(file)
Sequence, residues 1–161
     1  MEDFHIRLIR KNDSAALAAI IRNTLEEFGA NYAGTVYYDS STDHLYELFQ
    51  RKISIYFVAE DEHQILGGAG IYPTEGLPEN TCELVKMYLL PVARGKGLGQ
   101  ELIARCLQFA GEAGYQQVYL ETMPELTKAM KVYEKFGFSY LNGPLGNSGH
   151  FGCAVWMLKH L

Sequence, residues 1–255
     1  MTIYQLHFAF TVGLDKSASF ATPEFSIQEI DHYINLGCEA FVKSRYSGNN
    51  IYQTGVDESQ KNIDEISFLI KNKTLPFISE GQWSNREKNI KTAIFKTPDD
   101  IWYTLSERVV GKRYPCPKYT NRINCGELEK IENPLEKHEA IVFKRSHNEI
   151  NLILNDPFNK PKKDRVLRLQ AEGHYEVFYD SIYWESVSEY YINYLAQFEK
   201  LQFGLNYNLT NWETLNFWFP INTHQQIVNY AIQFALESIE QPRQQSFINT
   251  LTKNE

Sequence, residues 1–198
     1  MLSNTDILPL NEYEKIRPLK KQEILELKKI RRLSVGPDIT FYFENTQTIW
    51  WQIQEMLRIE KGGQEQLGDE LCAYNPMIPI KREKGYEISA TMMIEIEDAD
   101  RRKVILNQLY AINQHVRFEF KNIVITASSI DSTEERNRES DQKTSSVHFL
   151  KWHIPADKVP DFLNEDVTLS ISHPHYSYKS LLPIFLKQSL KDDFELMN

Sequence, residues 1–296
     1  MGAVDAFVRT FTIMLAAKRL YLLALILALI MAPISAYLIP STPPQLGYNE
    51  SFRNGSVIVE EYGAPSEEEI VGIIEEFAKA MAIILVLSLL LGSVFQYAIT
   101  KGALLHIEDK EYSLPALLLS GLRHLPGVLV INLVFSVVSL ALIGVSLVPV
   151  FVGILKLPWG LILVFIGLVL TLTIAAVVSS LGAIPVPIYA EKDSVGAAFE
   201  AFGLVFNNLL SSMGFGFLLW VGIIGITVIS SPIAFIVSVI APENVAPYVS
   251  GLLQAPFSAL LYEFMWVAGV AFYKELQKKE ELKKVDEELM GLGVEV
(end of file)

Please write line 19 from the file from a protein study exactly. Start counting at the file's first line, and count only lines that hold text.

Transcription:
     1  MGAVDAFVRT FTIMLAAKRL YLLALILALI MAPISAYLIP STPPQLGYNE